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the bench

One interesting part of that building, however, is the lack of hard lines. Gaudi didn’t seem to be a fan of corners, straight lines or anything really rigid – it’s probably why his buildings are so whimsical and playful. I can’t imagine the challenges in decorating a non linear home, however, and I suspect that whoever lived in the house didn’t hang a lot of pictures.

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supports for the walkway above

The fee to enter the monumental zone has only been instituted in the past few years and, based on some of the signage around the park, it’s a bit controversial. You can go in after 9pm or 9:30 and not be charged a fee, but it quickly gets dark and the site isn’t very well lit. There are several benefits to charging a fee, that I could see. One is that the vendors and touts stay outside of the gates, so you get a peaceful hour or two away from the hustle of Barcelona. Two, and this is probably the most important, is that the city can pay for security staff. Not to sound arrogant, but other people are the reason why we can’t have nice things. There was no graffiti etched into anything and things seem remarkably well preserved. I saw some stupid tourists climbing into some of the carvings and waterspouts built into the walls. Since there was security, they could be there to quickly tell the tourists to get down and behave. I don’t understand why people think they have the right to climb all over things, etch their name into it or do whatever they want… if the fee pays for security to prevent damage then I have no problem paying for it.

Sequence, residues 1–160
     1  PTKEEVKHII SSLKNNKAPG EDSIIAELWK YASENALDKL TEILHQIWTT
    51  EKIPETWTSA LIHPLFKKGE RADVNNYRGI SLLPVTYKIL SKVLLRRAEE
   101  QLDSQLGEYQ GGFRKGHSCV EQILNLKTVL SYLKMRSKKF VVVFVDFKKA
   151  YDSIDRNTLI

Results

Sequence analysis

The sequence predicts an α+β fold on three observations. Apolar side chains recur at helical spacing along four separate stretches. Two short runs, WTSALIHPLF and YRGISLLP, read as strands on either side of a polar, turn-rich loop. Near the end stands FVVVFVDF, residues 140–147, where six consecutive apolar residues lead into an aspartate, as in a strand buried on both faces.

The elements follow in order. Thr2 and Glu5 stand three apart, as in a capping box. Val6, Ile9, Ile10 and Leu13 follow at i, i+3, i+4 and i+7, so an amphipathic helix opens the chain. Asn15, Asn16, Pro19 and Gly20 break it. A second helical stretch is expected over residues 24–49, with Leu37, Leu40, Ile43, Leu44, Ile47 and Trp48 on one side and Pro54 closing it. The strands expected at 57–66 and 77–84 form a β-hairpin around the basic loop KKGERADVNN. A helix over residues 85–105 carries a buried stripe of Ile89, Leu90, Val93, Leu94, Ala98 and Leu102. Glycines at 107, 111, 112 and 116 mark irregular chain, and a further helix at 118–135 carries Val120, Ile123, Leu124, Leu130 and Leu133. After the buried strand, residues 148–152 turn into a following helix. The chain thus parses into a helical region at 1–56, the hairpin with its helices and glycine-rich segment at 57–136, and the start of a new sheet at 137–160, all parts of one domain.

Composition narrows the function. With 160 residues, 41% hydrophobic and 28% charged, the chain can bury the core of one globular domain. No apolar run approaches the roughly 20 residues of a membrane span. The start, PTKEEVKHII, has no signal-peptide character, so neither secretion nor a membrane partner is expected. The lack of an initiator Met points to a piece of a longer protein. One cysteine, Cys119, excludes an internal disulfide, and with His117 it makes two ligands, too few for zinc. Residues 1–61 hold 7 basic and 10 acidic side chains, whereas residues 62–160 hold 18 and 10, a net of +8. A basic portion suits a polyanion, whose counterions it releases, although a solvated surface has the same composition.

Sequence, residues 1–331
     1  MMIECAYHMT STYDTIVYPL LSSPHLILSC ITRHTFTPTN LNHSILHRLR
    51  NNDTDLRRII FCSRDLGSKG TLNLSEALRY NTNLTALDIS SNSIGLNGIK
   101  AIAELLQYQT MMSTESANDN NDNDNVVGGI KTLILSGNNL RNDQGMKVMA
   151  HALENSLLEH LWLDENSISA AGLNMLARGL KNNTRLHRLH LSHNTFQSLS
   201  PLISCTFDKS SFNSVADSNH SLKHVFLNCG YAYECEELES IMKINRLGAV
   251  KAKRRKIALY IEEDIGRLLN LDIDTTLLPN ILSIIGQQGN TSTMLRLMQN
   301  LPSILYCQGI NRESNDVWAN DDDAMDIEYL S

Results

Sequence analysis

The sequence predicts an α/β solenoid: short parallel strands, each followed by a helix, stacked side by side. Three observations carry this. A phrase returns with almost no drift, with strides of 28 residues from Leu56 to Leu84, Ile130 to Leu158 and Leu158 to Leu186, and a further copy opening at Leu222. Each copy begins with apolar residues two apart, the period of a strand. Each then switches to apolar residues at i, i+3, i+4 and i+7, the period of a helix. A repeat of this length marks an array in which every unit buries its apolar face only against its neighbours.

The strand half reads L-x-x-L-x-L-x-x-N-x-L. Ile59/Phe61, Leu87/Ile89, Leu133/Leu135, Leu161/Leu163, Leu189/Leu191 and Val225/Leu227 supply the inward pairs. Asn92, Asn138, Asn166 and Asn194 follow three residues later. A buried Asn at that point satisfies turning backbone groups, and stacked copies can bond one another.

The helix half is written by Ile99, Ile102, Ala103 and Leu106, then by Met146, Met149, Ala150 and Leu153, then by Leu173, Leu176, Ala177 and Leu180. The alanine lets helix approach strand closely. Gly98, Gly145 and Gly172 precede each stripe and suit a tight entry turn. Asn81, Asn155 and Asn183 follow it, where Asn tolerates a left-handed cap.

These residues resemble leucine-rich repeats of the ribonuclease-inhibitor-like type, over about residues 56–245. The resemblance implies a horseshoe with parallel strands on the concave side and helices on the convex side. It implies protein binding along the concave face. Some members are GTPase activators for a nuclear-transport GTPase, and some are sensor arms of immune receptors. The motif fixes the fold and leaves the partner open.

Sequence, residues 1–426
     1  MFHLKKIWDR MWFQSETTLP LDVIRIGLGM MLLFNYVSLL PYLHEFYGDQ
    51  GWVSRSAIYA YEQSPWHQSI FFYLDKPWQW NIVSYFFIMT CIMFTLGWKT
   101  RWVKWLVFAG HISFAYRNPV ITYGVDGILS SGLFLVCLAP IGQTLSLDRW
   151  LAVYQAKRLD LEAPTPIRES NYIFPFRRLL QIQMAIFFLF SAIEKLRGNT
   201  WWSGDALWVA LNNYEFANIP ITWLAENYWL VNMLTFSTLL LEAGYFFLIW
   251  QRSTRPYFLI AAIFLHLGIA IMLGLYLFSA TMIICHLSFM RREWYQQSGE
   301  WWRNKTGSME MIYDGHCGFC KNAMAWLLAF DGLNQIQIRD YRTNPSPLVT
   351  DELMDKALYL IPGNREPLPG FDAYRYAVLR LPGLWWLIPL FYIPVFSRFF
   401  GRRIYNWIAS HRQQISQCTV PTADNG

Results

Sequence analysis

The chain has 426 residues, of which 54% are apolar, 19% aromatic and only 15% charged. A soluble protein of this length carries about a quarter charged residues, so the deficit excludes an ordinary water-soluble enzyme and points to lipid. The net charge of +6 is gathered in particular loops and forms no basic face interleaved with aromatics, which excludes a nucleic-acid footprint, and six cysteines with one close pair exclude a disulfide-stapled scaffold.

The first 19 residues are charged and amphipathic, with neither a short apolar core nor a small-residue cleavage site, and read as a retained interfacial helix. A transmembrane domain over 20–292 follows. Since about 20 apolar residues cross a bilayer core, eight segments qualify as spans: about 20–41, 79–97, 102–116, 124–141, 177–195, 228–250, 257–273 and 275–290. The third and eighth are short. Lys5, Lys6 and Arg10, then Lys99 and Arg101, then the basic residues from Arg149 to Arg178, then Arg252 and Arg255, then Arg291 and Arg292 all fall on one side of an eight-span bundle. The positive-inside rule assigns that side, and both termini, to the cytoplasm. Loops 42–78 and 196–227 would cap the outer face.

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view from one of the houses at the entry gate

Park Guëll is really quite magical but, to be honest, if Gaudí had designed an entire subdivision I think it would have come out looking something like Whoville. I can’t decide if that’s a good thing or a bad thing, but it would certainly be more interesting than living in a suburban McMansion!

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…and all the Who’s down in Whoville… a view of the main gate

2 thoughts on “Beaches and Parks: Barceloneta and Park Guëll

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    1. No, because we left it til the end. It’s on my “to do upon my return to Barcelona” list, which is surprisingly long. The first thing to do is not stay at a hostel, the second is do Casa Batllo, the third is Vaso de Oro and the fourth is a cooking class offered through La Boqueria.